Research Projects and Publications

Deep Learning for Power System Restoration

 Author:  Alexander Moses Danielsson                                                                                                     Year: 2018                                                                                                                                           Supervisors:  Ragnar Kristjánsson and Samuel Perkin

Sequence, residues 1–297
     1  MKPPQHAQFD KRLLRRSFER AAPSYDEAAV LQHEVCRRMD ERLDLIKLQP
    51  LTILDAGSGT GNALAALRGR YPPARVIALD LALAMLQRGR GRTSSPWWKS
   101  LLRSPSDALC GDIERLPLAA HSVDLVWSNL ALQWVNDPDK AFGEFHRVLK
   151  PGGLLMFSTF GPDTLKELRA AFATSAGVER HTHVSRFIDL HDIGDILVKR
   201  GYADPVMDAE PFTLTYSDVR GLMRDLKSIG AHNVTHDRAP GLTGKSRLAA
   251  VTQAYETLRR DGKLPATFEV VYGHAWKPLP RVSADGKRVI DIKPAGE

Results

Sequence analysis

Power systems experience outages due to uncontrollable circumstances despite efforts to reduce the frequency of such events. In an attempt to minimize the negative impact of outages, a deep feed forward neural network (FFNN) was trained to perform optimal actions during power system restoration. First, as a prerequisite, a Restoration Model (RM) was developed to simulate system restoration. The RM was designed to handle any topological degradation of a system and enable interactive exploration of the actions required to bring the system back to an ideal state. Moreover, a cost function was developed in order to evaluate the quality of a given sequence of actions in the context of restoration cost. Using the RM as a simulation environment and the cost function as an evaluation measure, a dataset of optimal power system state-to-action pairs was created using a genetic algorithm (GA) by optimizing restoration action sequences on the Icelandic transmission system. The FFNN was trained via supervised learning using the created data, achieving a 75% test accuracy on optimal decisions on the Icelandic system. The FFNN agent was further tested in a comparison to the GA and operators of the Icelandic system. Results show that the FFNN is 3 orders of magnitude faster than the GA at developing a restoration plan, and performs comparably to the human operators on a simple test restoration scenario. This thesis demonstrates the feasibility and potential of using deep learning for power system restoration and control.